Sajid Javid is Conservative MP for Bromsgrove and a former Deutsche Bank executive.
In his first conference speech as Shadow Chancellor, Ed Balls wants us to believe that Labour can be trusted with the nation’s finances.
He promised to set out “tough fiscal rules” at the next election to bring the budget back to balance and put the nation’s debt on a downward path.
I have to admit, if Alan Johnson had been on the podium today instead of Balls, these words would have had a little more credibility. With Balls, I have no faith.
This is the man who stood shoulder to shoulder with Gordon Brown for 13 years, driving our country towards economic ruin. During that time, our national debt tripled to over £900 billion, and we were left with the largest budget deficit in Europe.
Apart from taking the country to the brink of bankruptcy, what else did this record government spending achieve?
Workless household numbers that increased from 3.7 million to 3.9 million.
Cancer and stroke survival rates in England that shamefully lag behind virtually every other European country.
And, for 14 year olds, a fall in reading and maths standards from seventh in the world to 25th and 27th respectively.
His admission today that “we didn’t spend every pound of public money well” is a far cry from the apology he owes the country.
Balls now wants to prove his new found belief in fiscal rectitude. Calling for an immediate, unfunded, cut in VAT and a slowing in the pace of Government deficit reduction is an unusual way to demonstrate it. Indeed, spending pledges made by Balls would add nearly £90 billion a year to Britain’s deficit by the next election in 2015.
Whilst I don’t trust Balls for a second, let’s not be so unkind. Let’s put him to the test.
If it’s tough fiscal rules he wants, rules that actually bite, then he need not wait until the next election to set them out. He can join me in my campaign to cap Britain’s national debt by backing my private National Debt Cap Bill.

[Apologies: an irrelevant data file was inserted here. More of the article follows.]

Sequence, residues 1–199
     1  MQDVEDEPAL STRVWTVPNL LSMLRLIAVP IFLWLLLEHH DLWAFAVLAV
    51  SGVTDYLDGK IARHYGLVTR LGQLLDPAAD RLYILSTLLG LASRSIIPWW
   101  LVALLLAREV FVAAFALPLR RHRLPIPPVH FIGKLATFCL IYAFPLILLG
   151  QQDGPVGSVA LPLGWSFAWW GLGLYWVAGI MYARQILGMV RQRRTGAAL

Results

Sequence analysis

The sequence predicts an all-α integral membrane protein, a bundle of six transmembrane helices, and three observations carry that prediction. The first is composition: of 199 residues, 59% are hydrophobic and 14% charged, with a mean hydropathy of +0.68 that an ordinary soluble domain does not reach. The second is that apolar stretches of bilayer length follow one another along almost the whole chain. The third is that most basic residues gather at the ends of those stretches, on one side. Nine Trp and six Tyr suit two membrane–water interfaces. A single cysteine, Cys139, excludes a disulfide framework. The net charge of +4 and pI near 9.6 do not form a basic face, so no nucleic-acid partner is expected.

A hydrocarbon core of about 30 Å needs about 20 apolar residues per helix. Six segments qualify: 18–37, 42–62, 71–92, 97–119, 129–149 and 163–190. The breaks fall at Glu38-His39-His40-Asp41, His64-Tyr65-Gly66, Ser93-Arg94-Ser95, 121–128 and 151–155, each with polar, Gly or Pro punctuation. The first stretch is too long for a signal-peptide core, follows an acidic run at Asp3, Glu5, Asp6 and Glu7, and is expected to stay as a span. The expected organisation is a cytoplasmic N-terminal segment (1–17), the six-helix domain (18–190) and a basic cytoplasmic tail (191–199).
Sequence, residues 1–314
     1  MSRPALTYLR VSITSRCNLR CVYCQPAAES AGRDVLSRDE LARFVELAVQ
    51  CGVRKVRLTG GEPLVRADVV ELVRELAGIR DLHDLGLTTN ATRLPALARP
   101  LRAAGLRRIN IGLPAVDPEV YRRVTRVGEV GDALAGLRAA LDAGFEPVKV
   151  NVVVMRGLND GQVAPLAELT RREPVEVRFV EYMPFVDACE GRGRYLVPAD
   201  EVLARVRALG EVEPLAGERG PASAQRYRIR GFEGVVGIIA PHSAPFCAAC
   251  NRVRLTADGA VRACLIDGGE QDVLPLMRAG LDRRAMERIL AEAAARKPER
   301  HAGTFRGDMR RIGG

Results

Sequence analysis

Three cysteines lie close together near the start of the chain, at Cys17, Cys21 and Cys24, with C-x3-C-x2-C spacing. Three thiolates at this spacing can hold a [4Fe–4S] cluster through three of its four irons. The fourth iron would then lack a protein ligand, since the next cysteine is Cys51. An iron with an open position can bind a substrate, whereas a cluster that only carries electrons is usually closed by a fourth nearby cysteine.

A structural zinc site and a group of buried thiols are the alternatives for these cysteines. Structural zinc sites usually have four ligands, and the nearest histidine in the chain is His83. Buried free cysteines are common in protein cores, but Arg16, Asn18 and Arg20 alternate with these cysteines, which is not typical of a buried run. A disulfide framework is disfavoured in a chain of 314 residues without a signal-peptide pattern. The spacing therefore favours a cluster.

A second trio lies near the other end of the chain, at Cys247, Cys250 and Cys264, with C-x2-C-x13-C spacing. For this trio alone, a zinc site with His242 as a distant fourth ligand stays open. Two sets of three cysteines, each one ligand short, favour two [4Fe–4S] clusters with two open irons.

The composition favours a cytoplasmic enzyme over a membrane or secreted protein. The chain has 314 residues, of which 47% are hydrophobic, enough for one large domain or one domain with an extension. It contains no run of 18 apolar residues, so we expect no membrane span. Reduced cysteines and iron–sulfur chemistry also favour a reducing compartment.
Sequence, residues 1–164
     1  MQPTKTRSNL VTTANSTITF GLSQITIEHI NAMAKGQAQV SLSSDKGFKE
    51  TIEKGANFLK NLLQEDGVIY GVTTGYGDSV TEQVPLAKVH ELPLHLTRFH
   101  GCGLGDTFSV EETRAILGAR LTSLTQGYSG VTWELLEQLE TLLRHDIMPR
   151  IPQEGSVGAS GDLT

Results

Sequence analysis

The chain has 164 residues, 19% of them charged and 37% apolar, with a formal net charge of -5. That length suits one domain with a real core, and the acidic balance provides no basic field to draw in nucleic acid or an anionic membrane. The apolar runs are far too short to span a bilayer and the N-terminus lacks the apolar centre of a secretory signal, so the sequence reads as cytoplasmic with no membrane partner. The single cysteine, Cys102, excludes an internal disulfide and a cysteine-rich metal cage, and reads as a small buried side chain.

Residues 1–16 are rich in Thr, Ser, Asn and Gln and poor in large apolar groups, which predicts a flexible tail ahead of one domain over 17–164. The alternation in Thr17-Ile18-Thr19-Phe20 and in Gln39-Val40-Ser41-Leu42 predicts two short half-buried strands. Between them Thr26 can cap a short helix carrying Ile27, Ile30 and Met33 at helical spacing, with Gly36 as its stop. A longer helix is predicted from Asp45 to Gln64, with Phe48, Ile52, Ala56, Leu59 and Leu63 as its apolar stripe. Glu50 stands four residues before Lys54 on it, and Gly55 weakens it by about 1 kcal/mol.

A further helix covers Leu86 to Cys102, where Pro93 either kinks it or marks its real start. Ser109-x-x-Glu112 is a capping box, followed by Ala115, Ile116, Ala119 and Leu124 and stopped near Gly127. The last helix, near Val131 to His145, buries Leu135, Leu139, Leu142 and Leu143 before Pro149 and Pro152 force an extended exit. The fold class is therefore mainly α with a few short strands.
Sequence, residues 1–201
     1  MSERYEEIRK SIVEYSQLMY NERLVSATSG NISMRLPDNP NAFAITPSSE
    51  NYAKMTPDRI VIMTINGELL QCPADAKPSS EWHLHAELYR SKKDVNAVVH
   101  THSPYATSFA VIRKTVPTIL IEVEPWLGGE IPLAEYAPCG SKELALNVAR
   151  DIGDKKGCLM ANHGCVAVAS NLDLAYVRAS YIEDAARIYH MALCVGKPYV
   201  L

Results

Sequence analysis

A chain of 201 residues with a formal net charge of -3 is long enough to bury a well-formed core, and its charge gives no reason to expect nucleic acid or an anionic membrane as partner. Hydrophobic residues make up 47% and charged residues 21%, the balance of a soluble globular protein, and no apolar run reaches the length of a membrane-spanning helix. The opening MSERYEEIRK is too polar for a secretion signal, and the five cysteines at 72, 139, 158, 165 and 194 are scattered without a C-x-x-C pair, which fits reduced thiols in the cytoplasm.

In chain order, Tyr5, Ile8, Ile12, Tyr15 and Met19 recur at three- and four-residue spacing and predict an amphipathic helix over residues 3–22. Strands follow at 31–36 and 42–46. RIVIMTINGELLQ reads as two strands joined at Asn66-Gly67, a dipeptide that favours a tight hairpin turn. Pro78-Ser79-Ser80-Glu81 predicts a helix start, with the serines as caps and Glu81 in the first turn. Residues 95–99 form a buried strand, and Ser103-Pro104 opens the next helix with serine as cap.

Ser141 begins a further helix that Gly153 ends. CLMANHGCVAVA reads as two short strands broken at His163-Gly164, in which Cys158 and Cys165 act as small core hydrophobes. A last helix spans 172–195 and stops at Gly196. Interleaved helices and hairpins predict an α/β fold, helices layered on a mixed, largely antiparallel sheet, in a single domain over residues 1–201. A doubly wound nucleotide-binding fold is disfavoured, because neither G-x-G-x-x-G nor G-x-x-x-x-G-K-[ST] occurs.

It’s already had a successful first reading in the House of Commons in July, and won the parliamentary backing of David Laws, John Redwood and Frank Field, not to mention two former advisers to George Osborne and four members of the Treasury Select Committee. The Institute of Economic Affairs, the Adam Smith Institute and The TaxPayers’ Alliance have also all given it a warm welcome.
My key point is this. The abiding lesson of the past few years is that a self-imposed limit on the sale of government bonds is far better than a limit imposed by the market. Just ask the leaders of Iceland, Greece, Ireland, Portugal and Italy.
A debt cap, which would restrict borrowing to a given percentage of GDP, would be no guarantee against such fiscal irresponsibility – but it would make it harder for politicians to rely on their favourite ruse of “buy now, pay later”.
At a minimum, my Bill would force a national debate where there has previously been only opacity and obfuscation. And ideally, it would have the same bracing effect as its American equivalent.
So, come on Mr Balls. If you’re serious about “tough fiscal rules”, why wait? You can back my National Debt Cap Bill, which is currently making its way through Parliament, right now.